Voice and tone
Copy and messaging are meaningful aspects of the GitLab experience and the conversation with our users.
The copy for GitLab is clear and direct. We strike a balance between professional and friendly. We can empathize with users (such as celebrating completing all items on the To-Do List) while remaining respectful to the importance of their work. We are a trusted, friendly, helpful, and understanding coworker.
Whenever possible, write in active voice, instead of passive voice. Active voice is easier for users to understand and often results in shorter content.
- Passive voice: Files are added by developers.
- Active voice: Developers add files.
Sometimes, using passive voice is appropriate. Make sure it’s an intentional choice that communicates the idea more clearly than active voice would—for example, when the system is the actor, rather than a person.
|(Active voice) Ask someone with write access to this repository to merge this request.||This request can be merged by someone with write access to this repository.|
|(Passive voice) The Kubernetes cluster is being created on Google Kubernetes Engine.||We are creating the Kubernetes cluster on Google Kubernetes Engine.|
It's fine to use passive voice for actions performed by GitLab.
Users will skim content, rather than read text carefully. Copy should be concise and short whenever possible. A long message or label is a red flag hinting at a design that needs improvement.
When familiar with a web app, users rely on muscle memory and may read even less when moving quickly. A good experience should quickly orient a user, regardless of their experience, to the purpose of the current screen. Understanding should happen without the user having to consciously read long strings of text.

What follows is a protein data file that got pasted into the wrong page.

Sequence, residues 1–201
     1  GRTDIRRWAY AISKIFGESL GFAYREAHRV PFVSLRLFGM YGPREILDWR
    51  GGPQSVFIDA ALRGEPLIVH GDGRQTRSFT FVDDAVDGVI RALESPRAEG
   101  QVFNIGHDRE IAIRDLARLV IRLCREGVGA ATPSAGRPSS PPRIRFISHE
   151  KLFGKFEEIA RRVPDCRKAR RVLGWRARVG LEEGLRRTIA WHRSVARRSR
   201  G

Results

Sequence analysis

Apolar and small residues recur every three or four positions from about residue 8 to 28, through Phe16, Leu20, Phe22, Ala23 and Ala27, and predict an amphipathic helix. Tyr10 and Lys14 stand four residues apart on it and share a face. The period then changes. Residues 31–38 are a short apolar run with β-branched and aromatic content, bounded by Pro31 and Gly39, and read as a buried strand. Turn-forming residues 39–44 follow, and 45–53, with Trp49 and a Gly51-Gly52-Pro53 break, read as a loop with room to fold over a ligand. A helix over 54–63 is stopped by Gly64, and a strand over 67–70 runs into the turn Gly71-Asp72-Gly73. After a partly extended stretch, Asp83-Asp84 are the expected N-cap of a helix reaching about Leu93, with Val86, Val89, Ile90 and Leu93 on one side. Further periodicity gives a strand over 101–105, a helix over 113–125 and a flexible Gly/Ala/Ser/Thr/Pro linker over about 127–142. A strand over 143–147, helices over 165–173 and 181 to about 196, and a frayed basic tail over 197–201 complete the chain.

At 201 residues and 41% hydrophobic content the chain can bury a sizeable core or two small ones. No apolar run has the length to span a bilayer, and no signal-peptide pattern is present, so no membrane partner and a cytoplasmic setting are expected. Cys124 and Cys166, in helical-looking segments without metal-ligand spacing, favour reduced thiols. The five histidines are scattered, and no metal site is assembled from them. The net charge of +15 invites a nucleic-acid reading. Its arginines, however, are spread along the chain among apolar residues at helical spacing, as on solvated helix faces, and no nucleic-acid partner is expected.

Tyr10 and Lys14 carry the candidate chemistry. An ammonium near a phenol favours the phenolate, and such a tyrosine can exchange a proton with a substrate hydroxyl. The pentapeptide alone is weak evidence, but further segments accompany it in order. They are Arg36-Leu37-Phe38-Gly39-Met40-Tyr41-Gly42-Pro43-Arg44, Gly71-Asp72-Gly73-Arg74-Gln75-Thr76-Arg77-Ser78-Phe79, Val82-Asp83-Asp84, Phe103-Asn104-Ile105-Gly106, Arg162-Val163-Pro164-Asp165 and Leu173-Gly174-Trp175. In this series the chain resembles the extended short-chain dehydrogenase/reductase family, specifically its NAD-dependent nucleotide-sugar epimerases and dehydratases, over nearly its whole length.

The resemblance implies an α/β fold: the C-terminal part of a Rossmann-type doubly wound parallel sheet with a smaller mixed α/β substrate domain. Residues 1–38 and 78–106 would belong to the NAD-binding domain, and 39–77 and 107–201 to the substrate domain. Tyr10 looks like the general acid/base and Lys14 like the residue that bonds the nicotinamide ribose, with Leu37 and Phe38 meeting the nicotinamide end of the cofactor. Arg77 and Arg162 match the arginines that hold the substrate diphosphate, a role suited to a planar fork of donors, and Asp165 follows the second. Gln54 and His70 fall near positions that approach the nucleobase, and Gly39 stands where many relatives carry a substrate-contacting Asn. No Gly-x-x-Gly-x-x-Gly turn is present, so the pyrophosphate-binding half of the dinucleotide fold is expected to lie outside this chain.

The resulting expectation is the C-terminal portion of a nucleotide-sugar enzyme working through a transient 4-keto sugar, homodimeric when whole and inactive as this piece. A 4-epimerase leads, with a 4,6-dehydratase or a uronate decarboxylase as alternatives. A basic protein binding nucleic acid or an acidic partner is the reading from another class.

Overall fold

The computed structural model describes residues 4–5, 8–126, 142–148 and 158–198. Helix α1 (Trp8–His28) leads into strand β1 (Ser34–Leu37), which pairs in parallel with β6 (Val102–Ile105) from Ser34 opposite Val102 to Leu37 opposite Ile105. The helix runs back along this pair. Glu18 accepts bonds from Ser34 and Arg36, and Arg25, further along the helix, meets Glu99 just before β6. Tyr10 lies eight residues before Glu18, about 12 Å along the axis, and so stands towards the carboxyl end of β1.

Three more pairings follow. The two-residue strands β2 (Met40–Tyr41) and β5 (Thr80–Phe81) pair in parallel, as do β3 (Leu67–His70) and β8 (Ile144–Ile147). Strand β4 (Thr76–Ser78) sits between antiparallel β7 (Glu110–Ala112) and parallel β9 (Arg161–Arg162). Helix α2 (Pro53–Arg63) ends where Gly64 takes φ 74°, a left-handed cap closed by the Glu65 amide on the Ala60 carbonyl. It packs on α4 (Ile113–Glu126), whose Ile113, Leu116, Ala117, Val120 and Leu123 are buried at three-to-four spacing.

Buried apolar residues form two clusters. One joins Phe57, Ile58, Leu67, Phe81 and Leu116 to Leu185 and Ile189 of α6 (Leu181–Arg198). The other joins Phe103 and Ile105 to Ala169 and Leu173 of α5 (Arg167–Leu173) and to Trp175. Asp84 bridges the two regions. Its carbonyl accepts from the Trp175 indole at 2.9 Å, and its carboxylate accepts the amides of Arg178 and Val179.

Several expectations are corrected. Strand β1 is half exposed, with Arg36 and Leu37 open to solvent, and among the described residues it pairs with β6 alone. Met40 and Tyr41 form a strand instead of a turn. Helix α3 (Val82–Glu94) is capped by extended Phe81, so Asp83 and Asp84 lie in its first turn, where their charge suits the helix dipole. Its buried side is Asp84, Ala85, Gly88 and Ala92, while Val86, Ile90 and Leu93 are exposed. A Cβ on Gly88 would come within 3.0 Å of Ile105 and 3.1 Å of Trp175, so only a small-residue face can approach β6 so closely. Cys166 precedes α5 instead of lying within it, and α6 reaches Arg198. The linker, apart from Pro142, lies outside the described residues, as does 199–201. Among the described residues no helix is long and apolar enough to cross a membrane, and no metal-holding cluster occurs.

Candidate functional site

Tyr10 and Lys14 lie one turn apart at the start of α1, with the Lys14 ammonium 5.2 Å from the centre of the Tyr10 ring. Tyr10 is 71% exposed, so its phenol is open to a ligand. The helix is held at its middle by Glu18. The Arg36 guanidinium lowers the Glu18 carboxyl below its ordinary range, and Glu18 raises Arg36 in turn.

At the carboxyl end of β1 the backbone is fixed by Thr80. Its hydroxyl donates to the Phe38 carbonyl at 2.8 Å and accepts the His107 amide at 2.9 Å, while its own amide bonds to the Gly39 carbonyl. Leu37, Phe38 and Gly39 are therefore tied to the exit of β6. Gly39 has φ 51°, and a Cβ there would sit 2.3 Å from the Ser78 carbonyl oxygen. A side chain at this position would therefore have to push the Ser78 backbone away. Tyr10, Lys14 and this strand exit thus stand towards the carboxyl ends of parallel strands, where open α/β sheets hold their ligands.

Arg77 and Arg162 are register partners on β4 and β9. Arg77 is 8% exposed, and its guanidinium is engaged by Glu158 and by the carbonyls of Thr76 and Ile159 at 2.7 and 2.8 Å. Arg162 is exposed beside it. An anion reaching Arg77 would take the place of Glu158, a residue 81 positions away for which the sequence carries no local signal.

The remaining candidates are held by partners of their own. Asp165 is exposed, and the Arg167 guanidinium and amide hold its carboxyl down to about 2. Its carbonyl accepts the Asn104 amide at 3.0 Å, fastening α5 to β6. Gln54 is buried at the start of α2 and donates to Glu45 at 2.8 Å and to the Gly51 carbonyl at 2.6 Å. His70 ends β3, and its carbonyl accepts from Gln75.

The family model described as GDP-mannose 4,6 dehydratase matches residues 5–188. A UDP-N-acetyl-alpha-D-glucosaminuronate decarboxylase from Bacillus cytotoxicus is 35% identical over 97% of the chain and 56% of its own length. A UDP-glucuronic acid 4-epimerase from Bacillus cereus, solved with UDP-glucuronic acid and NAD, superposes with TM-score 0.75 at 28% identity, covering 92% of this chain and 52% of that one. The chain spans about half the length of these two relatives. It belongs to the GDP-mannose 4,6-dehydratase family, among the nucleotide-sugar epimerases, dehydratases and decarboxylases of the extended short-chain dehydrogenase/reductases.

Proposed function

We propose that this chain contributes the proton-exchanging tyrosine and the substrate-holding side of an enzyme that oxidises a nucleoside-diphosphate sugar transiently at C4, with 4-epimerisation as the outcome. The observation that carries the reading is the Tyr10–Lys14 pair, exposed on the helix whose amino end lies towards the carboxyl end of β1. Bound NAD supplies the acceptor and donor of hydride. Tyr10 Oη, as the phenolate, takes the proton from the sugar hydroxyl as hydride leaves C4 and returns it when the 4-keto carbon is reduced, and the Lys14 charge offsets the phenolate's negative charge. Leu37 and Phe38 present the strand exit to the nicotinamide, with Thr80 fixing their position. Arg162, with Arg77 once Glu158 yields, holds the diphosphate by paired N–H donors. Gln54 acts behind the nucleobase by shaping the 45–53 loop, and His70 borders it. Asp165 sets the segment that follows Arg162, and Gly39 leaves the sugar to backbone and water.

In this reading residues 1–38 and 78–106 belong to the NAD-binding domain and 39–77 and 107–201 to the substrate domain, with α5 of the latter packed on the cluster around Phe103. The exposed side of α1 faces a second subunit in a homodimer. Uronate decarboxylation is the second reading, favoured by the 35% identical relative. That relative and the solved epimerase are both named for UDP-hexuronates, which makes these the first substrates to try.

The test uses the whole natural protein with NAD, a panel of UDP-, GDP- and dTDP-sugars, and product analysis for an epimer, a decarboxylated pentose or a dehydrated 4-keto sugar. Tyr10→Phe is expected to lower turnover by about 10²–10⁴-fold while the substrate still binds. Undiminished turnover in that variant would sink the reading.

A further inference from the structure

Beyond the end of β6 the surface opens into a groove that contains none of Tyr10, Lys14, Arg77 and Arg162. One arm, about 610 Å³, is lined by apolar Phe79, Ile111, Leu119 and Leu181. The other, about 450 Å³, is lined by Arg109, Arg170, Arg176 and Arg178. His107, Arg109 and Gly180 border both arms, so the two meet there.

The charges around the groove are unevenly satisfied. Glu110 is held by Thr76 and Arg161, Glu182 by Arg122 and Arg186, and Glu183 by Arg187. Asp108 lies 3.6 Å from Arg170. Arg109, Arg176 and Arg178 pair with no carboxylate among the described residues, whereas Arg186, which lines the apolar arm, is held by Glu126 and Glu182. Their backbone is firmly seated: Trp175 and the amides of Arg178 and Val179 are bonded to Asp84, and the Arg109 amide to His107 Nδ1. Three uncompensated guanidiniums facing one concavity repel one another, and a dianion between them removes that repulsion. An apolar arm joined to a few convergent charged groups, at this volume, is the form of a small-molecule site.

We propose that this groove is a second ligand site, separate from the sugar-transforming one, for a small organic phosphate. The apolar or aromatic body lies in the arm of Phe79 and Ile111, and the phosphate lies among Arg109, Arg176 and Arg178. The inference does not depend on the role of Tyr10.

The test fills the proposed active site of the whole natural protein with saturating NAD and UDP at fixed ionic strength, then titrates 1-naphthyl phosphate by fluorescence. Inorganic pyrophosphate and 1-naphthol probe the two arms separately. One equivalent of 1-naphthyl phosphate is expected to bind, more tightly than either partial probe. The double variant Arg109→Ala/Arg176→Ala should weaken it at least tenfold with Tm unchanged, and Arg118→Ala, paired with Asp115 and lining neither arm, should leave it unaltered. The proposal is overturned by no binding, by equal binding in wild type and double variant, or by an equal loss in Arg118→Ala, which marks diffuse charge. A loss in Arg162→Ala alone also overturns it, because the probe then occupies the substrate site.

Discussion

In general, text is burdensome and adds cognitive load. This load is even more pronounced in a powerful productivity tool such as GitLab. We shouldn’t rely on words as a crutch to explain the purpose of a screen. Instead, the current navigation and composition of on-screen elements should get the user 95% there, with the remaining 5% being specific elements such as text.
Brevity is especially important for:
- Button text
- Field labels
- Error messages
For each of these content types, look for ways you might rephrase text that seems too long. Also, eliminate unnecessary phrases like “in order to” and extra articles like “the” when they don’t add clarity.
|To link Sentry to GitLab, enter your Sentry URL and Auth Token.||In order to link Sentry to GitLab, enter your Sentry URL and Auth Token.|
|Use this token to validate received payloads.||Use this token to validate the received payloads.|
Instead of talking about how GitLab has implemented a feature, write about the action the user wants to take.
|Users can request access||Allow users to request access|
|Users can request access||Prevent users from requesting access|
|Users must be verified to commit||Reject unverified users|
|Users must have a GitLab account to commit||Check whether the commit author is a GitLab user|
Avoid Latin abbreviations
While we aim to brief, we also avoid Latin abbreviations as they can be easily misinterpreted.
- Instead of “i.e.”, use “that is.”
- Instead of “e.g.”, use “for example.”
- Instead of “etc.”, either use “and so on” or consider editing it out, since it can be vague.
Clear error messages
When something goes wrong, it's important for us to be clear about what happened, why it happened, and what the next steps to take may be. Vague messages frustrate users and can even block them from completing their task.